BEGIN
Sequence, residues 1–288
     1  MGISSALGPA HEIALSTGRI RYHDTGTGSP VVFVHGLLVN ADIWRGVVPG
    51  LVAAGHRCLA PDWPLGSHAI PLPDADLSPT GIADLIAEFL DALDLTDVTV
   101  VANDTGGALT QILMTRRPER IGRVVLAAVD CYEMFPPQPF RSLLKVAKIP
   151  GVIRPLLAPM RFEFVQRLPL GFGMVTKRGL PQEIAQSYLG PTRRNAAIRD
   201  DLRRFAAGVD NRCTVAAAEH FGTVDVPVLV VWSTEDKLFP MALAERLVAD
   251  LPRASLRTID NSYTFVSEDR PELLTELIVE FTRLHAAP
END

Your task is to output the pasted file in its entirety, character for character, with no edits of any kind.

Sequence, residues 1–288
     1  MGISSALGPA HEIALSTGRI RYHDTGTGSP VVFVHGLLVN ADIWRGVVPG
    51  LVAAGHRCLA PDWPLGSHAI PLPDADLSPT GIADLIAEFL DALDLTDVTV
   101  VANDTGGALT QILMTRRPER IGRVVLAAVD CYEMFPPQPF RSLLKVAKIP
   151  GVIRPLLAPM RFEFVQRLPL GFGMVTKRGL PQEIAQSYLG PTRRNAAIRD
   201  DLRRFAAGVD NRCTVAAAEH FGTVDVPVLV VWSTEDKLFP MALAERLVAD
   251  LPRASLRTID NSYTFVSEDR PELLTELIVE FTRLHAAP